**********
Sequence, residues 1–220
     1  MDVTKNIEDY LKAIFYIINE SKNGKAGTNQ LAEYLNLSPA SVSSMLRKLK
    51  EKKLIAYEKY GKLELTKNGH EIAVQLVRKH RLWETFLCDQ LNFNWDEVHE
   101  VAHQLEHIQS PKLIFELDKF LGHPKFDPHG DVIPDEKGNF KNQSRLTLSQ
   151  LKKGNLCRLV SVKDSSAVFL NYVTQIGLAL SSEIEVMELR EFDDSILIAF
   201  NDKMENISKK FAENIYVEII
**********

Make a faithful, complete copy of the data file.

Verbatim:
Sequence, residues 1–220
     1  MDVTKNIEDY LKAIFYIINE SKNGKAGTNQ LAEYLNLSPA SVSSMLRKLK
    51  EKKLIAYEKY GKLELTKNGH EIAVQLVRKH RLWETFLCDQ LNFNWDEVHE
   101  VAHQLEHIQS PKLIFELDKF LGHPKFDPHG DVIPDEKGNF KNQSRLTLSQ
   151  LKKGNLCRLV SVKDSSAVFL NYVTQIGLAL SSEIEVMELR EFDDSILIAF
   201  NDKMENISKK FAENIYVEII